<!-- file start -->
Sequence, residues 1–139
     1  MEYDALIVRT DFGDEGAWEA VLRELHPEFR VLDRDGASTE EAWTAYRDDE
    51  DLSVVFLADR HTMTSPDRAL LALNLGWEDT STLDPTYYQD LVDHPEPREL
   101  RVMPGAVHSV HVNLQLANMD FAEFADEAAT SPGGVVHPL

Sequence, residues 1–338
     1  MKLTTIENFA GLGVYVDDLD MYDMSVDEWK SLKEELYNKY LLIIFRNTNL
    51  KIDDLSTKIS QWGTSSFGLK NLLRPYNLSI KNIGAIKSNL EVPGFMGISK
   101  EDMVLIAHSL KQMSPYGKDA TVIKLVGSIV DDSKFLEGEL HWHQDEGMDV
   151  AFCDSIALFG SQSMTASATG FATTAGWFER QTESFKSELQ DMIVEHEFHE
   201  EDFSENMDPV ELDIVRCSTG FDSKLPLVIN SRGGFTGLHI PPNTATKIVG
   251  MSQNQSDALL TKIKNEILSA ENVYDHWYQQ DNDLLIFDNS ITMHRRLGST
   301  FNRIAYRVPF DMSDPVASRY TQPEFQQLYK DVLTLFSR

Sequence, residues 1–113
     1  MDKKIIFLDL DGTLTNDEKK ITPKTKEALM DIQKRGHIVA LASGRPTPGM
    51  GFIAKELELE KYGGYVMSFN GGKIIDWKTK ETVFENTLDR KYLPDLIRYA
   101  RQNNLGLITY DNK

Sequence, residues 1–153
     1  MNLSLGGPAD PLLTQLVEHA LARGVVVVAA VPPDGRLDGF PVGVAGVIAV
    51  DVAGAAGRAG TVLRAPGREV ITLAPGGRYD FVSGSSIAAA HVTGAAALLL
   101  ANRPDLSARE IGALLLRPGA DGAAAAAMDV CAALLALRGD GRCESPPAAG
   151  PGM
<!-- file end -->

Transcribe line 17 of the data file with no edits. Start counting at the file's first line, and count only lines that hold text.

Sequence, residues 1–153